In 2017, I spoke at a conference put on by SERENE-RISC, an organization that works on issues of cybersecurity and aims to protect people from cyber threats. There, I cleverly tricked all of the participants to learning about the Charter by giving an overview of the law around search and seizure as it relates to cell phones. The talk was broadly structured to address three main questions: Can the police search my phone? Can the police search my buddy’s phone? And can the police search everyone’s phone?
The first question was answered with a discussion of the case of R v. Fearon and the police’s powers to search a phone incident to arrest. (A fuller discussion of this case is in this blog post.) Next, I spoke about the case of R v. Marakah, which looked at whether the recipient of a text message had standing to challenge its admissibility and whether they had a reasonable expectation in the privacy of that message. (At the time, the case was still at the Ontario Court of Appeal; you can see December 2017’s round-up for an update on the Supreme Court of Canada decision.) Finally, I spoke about the impending issue of stingrays and their ability to obtain data without a warrant.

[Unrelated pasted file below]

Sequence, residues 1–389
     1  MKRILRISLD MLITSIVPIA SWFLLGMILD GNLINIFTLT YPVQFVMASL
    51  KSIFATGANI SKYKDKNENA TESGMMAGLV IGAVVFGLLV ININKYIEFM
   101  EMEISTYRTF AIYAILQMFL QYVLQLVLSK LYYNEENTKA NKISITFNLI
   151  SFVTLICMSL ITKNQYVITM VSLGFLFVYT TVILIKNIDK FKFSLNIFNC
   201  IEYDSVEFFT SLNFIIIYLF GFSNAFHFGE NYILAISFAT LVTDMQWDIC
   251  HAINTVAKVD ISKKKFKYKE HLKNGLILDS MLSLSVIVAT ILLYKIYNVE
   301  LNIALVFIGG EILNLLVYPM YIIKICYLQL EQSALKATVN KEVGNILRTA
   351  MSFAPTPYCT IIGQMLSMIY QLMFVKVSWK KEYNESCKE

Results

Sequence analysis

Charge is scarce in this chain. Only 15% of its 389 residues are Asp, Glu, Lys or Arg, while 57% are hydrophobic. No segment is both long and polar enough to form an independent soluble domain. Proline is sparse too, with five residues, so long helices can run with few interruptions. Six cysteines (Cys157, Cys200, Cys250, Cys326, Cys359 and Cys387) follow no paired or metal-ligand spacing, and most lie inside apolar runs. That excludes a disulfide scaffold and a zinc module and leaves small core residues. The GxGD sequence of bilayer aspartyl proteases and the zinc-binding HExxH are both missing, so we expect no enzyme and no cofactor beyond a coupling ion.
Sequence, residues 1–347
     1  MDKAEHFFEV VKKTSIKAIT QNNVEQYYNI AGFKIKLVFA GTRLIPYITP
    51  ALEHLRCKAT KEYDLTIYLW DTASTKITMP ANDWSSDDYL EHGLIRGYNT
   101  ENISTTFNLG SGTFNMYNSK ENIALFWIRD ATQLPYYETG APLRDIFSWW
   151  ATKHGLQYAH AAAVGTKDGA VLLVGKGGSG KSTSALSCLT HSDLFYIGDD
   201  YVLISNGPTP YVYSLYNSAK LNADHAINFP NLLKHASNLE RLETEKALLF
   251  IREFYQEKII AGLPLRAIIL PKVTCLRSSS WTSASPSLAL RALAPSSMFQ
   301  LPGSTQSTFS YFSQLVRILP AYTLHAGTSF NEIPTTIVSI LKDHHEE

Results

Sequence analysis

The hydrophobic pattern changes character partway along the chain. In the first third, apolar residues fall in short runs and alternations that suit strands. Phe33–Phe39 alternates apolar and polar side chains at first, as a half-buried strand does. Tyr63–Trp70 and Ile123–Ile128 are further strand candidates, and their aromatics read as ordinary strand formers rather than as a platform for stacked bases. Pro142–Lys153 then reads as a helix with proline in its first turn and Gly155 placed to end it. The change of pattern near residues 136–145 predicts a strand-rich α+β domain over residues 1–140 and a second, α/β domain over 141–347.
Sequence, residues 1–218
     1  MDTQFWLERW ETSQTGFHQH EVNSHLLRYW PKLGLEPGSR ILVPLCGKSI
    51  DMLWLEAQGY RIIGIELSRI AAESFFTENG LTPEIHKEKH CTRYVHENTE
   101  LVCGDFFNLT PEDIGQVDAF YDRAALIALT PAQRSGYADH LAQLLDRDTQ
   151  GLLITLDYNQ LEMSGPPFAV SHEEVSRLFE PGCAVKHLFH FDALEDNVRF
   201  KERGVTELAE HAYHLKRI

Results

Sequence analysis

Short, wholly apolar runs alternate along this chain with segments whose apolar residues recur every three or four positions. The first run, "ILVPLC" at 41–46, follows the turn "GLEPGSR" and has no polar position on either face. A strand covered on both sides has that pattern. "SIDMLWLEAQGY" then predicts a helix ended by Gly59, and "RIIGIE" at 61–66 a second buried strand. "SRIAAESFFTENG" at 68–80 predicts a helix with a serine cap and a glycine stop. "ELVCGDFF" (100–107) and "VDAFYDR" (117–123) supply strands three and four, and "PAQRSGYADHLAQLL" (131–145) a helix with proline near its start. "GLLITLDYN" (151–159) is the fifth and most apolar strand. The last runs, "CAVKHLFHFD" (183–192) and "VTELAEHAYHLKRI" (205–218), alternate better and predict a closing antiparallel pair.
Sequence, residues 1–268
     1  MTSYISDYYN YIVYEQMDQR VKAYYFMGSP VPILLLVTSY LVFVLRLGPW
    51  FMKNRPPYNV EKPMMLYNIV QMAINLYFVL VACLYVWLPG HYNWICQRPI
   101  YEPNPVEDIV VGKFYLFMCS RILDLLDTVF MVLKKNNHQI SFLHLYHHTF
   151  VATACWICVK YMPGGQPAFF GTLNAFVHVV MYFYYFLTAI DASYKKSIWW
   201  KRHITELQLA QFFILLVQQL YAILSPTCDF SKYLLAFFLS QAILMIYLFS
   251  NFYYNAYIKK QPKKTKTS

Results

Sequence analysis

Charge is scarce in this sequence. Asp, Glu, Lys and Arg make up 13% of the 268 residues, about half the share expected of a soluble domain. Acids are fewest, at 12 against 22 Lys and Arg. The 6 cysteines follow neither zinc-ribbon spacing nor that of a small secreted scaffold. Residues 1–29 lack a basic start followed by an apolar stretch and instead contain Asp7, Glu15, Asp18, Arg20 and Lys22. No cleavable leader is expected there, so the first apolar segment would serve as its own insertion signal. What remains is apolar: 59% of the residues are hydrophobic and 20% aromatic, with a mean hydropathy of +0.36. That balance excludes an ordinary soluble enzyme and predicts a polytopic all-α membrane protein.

The video of the talk was recently made available, so you can have a look for yourself here: https://www.youtube.com/watch?v=lCJIRiRA0yQ